GOLF COURSES

Demand for land, water is out of proportion

In response to the Feb. 18 Letter of the Day concerning golf in Minneapolis, I would like to point out that Theodore Wirth was developing parks for the era, and that if he were building the park system now, his view for community usage would be quite different. He believed in a diversity of activities, from birding to hiking, skiing and swimming.

Golf has been on national and local decline for the past quarter-century, and even the experts agree on that. Minneapolis has seven courses and three driving ranges in its system, with golf dominating half of Wirth Park’s 760 acres. I believe the city should offer golf but should look to Wirth’s original intention of bringing green space and recreation to the general public. Recreation attitudes have changed, and it would be wise to consider uses that reflect that.

WILLIAM O’REILLY, Minneapolis

• • •

I read the Feb. 16 article “Drought sparks big fire risk in California” while on the TV the PGA Northern Trust tournament was being played on lush greens at the Riviera Country Club near Los Angeles. How could water be used for the golf course when farmers don’t have enough water to plant food crops?

This question is relevant to every community with a golf course. Golf courses do aid the economy of many communities, but can we afford their lushness? California can’t — so the Riviera planted a noxious weed — drought-resistant Kikuyu grass from Africa. Do Minnesota courses use drought-resistant grasses?

BRUNO S. GAD, Clear Lake, Minn.

 

GOLDEN VALLEY

Group home opposition was mischaracterized

I was annoyed by two recent articles that characterized Golden Valley as narrow-minded and heartless regarding neighborhood group homes and mental-health facilities. There are dozens of such facilities in Golden Valley; at least one is in my neighborhood. Some neighborhoods have more than one.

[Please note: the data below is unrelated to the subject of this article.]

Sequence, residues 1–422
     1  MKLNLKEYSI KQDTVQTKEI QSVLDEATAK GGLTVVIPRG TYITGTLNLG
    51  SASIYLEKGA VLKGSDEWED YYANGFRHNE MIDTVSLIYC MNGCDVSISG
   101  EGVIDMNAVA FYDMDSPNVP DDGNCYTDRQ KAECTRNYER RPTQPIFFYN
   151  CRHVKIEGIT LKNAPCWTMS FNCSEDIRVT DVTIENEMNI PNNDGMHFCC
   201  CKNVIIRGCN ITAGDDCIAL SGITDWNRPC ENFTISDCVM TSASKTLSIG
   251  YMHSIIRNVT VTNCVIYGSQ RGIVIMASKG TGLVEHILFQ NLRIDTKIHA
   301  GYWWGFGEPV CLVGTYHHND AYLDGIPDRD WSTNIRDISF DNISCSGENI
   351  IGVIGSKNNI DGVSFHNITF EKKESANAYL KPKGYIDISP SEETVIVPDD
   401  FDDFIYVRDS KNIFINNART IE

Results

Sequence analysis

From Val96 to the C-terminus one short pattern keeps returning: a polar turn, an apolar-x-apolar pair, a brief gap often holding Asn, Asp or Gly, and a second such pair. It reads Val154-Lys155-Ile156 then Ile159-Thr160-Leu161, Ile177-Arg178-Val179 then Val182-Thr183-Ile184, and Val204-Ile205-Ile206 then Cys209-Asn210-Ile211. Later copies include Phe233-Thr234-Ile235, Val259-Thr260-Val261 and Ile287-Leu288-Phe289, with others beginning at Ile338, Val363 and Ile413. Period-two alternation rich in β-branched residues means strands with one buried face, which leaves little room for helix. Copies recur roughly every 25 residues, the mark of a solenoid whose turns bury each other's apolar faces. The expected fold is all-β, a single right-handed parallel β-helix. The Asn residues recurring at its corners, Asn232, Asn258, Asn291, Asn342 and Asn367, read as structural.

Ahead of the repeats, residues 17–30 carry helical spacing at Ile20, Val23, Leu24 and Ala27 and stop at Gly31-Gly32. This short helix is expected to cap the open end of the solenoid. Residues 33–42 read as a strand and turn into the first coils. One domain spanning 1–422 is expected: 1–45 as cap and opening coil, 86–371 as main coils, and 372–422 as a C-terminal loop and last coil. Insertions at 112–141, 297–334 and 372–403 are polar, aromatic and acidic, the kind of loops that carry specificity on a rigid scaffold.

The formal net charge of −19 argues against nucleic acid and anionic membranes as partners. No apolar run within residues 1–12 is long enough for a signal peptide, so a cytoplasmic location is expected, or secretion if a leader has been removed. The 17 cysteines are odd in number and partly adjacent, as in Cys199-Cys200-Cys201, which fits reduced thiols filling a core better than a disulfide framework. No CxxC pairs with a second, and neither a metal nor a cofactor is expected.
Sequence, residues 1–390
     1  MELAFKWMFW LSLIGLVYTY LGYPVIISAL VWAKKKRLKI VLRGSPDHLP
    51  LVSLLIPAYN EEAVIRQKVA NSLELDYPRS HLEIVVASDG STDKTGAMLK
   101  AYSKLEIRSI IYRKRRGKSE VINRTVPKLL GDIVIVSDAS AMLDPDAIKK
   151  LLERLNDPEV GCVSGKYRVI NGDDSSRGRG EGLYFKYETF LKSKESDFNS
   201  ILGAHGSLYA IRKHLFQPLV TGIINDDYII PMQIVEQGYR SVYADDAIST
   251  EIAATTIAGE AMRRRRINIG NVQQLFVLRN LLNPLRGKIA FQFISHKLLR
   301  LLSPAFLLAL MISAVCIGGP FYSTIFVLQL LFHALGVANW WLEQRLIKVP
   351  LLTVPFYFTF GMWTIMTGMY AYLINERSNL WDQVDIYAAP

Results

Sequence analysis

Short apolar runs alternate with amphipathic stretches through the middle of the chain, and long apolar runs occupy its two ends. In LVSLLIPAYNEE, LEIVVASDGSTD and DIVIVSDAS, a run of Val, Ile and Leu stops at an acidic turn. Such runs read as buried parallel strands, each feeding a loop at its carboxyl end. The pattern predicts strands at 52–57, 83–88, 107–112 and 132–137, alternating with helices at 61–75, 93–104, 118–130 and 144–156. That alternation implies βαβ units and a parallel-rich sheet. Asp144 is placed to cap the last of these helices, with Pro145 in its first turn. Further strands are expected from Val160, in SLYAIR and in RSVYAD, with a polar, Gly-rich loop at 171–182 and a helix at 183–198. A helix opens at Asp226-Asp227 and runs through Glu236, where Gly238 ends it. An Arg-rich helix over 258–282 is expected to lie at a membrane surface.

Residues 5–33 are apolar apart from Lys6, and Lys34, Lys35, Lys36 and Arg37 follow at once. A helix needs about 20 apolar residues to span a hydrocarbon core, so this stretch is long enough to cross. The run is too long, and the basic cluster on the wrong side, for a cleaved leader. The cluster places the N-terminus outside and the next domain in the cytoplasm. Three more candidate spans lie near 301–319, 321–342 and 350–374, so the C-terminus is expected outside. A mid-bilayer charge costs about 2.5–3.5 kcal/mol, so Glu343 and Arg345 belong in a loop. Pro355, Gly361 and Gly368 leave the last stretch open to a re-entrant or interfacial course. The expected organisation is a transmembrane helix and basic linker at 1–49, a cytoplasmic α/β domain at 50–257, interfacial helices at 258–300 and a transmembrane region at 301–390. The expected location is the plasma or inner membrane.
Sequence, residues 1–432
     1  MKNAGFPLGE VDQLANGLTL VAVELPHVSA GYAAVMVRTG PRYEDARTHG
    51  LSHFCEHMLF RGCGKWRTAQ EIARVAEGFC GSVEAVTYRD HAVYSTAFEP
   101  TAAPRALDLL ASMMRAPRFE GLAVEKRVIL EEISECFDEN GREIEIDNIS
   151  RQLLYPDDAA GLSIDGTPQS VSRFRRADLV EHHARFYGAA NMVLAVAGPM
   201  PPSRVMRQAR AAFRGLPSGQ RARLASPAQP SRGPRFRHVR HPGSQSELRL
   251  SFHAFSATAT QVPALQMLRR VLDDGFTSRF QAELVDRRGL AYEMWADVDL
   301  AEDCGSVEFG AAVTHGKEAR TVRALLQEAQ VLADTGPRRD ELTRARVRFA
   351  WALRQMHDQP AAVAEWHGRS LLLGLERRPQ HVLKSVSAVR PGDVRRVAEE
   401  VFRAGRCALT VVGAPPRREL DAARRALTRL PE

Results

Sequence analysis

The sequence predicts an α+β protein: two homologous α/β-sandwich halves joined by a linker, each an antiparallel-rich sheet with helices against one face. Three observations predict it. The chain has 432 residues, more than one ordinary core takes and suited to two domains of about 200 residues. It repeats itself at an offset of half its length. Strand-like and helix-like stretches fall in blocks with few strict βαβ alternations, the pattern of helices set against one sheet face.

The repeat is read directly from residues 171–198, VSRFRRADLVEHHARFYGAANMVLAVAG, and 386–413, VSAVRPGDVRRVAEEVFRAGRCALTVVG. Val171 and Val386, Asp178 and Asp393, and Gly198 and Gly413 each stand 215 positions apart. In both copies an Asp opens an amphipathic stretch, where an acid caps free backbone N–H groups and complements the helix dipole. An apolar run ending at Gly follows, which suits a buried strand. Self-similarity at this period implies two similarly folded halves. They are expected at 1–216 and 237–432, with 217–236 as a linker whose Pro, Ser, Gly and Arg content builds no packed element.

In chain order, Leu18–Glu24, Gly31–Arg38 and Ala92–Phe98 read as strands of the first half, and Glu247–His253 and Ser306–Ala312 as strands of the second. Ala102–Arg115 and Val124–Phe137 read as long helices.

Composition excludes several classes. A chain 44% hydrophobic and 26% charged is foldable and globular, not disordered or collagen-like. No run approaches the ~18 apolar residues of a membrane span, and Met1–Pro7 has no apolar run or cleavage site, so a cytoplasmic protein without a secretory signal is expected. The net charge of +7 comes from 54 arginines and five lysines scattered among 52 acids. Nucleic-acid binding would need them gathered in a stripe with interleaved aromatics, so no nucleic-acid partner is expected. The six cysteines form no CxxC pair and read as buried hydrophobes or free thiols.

What the citizens of Golden Valley dislike is the apparent lack of control and oversight that they and the city have over such facilities, and the secrecy surrounding them. Furthermore, has anyone investigated LifeSpan, the company that has made the current request? What do we know about it, its methods and its track record? It may or may not be stellar.

The Star Tribune could be more helpful by providing information, not emotion, on its noneditorial pages.

JANE PAGENKOPF, Golden Valley

 

ADVANCED PLACEMENT

Critical thinking is decidedly encouraged

A Feb. 17 letter argued against the usefulness of Advanced Placement classes on the grounds that they promote mindless memorization in preparation for testing. As a student in five of these classes and as one who has taken these tests, I believe that nothing is further from the truth.

While there is a multiple-choice component in nearly all AP tests that requires a certain level of memorization, half of each individual test revolves around some combination of essays or free-response questions. These require not only a knowledge of facts, but also the ability to grasp overarching concepts and patterns.

In the various fields of history, students must not only retain facts but also interpret the implications of historical events. In Advanced Placement calculus and chemistry, they not only must know basic equations but also demonstrate critical-thinking skills in order to use the equations to achieve the desired result. A certain amount of memorization is involved, but pure memorization alone does not help a student comprehend the intricacies of photosynthesis or cellular respiration.

Overall, Advanced Placement courses provide an opportunity to learn and interpret information at a collegiate level. Students up to the challenge will find their high school experience vastly enriched.

ERIK UBEL, St. Paul

 

RANKED-CHOICE VOTING

It just left a lot for voters to take in

In the analysis of ranked-choice voting, the most important change not discussed is the elimination of narrowing the field to two candidates and the effect on voters who now have to choose among eight serious candidates, as in the Minneapolis mayor’s race.

A higher filing fee may have eliminated most of the other 27 who filed in 2013 but would not have changed the number of serious candidates and or the task of evaluating the multiple positions of each.

The numerous candidate forums found the eight narrowing down most issues to a few 60-second sound bites. This left many voters uninterested, as well as most of the media, who spent more time ridiculing the fact there were 35 candidates.

To evaluate so-called results in council races on three new minority groups not being represented ignores the obvious fact of the Native American and African-American candidates who lost those races.

The real question is whether the process allowed a proper evaluation by most voters.

BOB FINE, Minneapolis

 

The writer, a former member of the Minneapolis Park and Recreation Board, was a candidate for mayor in 2013.